Tuesday, December 11, 2012

The Art of Small Talk

About a month ago, I sat in on Jacob's 17th and last ever IEP.  He's all set to graduate with a diploma this spring, and by all accounts, everything is on track. He’s showing up on time to all of his classes, he completes all of his homework on his own, he actively participates in classroom discussions, and he has a peer group to which he connects at school.. He’s volunteering in the library to complete his community service hours, and he just stared his third Workability job, a repeat of the same job he had last year at Best Buy organizing and stocking shelves.

One area that I know Jacob still has difficulty is making initial connections to others. He has friends at school, but he has not made any meaningful relationships with his supervisor or the coworkers at his Best Buy job.  Even  though this may not seem like a big deal considering how well everything else is going, this is a very important skill that Jacob will need to develop in order to successfully transition to independence.  I know for me, work was always more than just a paycheck.  It was also the place where I developed meaningful friendships.  When I started a job, I wasn’t usually acquainted anyone, but I learned how to start and engage in conversations which became the catalyst for the development of deeper friendships. Had I not been able to do this, I never would have developed the network of friends that I eventually made.

And how did these friendships start?  With small talk.  When meeting someone for the first time, we don't usually start off discussing anything like politics or whether or not we support the death penalty. The first conversation usually starts with a “How are you today?”, or "I like that jacket.  Where did you get it?” We don't usually go into detail about our special interests either, which many people with autism do because it's easier for them to control a conversation about something they are well-versed as opposed to having to respond in the moment to what the other person communicates.  Talking about something trivial is a way to get the ball rolling so we can gauge if we share anything in common or have a common bond. It sets the stage to get to know the other person better and if all goes well, a deeper, more meaningful friendship has the possibility to develop.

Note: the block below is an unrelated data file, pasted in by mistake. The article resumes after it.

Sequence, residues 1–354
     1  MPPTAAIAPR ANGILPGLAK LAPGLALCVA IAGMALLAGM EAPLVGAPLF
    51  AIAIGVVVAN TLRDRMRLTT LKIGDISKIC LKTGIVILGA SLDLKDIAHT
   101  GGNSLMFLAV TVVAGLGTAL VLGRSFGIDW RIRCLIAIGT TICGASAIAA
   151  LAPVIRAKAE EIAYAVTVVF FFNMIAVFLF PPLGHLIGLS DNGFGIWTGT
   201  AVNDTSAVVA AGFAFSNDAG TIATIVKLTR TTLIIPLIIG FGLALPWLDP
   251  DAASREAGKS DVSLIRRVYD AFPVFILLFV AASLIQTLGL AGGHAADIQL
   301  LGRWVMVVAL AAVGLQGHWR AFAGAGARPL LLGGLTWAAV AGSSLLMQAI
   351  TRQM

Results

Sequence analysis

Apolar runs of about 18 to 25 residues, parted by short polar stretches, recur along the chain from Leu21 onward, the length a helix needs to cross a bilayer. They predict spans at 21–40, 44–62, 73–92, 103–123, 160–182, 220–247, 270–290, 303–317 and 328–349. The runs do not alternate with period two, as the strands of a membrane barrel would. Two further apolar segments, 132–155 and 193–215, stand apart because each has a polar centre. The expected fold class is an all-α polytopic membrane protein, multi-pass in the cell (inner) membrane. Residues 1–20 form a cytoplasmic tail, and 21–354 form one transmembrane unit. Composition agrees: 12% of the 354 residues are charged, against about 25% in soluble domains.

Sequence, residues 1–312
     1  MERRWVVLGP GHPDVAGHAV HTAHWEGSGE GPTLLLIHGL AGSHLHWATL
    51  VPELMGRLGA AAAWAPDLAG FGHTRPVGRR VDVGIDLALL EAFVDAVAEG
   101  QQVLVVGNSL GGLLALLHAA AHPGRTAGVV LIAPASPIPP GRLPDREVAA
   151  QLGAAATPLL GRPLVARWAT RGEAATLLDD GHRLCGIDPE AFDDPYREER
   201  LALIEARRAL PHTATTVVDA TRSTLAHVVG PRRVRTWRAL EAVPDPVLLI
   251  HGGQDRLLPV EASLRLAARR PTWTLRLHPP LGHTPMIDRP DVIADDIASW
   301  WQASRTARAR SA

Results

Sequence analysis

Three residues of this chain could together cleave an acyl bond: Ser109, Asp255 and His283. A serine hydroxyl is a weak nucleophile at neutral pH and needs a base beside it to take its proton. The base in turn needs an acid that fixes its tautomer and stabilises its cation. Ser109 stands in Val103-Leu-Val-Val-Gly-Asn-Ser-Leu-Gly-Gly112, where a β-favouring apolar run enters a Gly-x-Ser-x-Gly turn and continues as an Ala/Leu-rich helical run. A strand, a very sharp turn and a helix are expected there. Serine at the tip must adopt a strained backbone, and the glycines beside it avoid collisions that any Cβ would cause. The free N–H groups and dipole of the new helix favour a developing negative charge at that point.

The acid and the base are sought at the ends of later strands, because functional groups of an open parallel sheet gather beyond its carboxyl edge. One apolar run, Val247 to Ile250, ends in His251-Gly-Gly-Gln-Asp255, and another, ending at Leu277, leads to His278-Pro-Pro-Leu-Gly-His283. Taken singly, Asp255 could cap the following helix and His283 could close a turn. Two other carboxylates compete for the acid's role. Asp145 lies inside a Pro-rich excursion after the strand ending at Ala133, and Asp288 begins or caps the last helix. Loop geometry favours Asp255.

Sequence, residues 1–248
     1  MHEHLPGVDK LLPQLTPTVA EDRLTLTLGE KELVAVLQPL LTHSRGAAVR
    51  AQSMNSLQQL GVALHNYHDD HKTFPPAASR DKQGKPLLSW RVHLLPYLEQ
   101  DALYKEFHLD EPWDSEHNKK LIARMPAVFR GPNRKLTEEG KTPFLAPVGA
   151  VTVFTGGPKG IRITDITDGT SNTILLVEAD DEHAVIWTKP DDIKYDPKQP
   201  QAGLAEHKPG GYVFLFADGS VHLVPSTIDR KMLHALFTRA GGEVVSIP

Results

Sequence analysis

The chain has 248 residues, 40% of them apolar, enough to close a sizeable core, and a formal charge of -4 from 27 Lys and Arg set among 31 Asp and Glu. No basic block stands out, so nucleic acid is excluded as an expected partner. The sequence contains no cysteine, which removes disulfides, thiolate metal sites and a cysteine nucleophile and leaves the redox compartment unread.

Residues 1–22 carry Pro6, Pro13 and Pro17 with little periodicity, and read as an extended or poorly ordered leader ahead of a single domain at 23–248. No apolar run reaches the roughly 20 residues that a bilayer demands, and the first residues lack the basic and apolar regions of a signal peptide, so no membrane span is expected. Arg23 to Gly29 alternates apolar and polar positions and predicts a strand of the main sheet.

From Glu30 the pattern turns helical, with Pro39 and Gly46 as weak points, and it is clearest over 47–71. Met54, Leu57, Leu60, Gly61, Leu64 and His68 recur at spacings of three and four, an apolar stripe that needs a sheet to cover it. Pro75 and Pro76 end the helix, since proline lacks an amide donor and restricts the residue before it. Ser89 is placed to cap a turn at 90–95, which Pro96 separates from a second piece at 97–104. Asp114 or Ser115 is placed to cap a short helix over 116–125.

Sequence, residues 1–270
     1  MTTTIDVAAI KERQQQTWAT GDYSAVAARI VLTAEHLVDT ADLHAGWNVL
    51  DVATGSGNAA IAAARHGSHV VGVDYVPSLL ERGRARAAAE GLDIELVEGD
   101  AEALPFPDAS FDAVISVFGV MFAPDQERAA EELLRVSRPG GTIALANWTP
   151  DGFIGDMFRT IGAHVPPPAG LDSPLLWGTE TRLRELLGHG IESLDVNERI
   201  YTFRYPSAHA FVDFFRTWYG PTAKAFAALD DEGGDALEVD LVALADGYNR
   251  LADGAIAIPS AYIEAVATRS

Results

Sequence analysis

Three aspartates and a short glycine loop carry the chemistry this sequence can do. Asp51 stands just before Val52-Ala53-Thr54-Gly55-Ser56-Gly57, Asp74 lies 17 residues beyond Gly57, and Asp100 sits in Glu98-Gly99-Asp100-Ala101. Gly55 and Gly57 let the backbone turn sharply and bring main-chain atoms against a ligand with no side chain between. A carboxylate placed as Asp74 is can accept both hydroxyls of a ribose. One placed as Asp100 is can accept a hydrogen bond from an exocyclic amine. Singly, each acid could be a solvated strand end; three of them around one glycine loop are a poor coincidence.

So what happens when you have difficulty talking about nothing important? What occurs when you are unable to “think on the fly” and need to react to the person in the moment based on new information or non-verbal cues? How can you possibly expect to make the friendship connection when you don’t even know how to start the first conversation?  When you can't do this, you can’t develop friends or allies in the workplace, and this puts you’re at a big disadvantage in keeping your job.

This is a big reason why individuals with autism have such a high unemployment rate. Even when a person is able to get the job, the ability to keep it depends a lot on the social networks that are made in the workplace. If you don’t make a connection with your supervisor, promotions are pretty much non-existent and any type of mentoring opportunity is lost. If you’re co-workers don’t have your back, they won’t cover for you when you need it or worse, they’ll try to get you fired.  Something as simple as not saying hi to someone when you first thing in the morning can be upsetting or can make your co-worker think you're rude.  And once this happens, a bad reputation can easily spread and others won't like you either.

So for Jacob’s very last IEP, the most important goal we developed was the ability to make small talk. Jacob is very lucky that he has a good team IEP. The plan we all made with Jacob was that his teachers would engage in simple conversations so he could practice making small talk. The speech therapist was going to be consulting with his teachers to see how it was going, and Jacob was going to start with cue cards to help him come up with topics to kick off the conversation. 

We'll see how it goes.  I've seen a lot of progress with Jacob, and it's easy to feel complacent to see how far he has come.  But I know the statistics for young adults just like Jacob are really bleak, and the future won't be so bright unless he's able to keep job and develop friendships in the workplace.  So I'll keep my fingers crossed and hope for the best.





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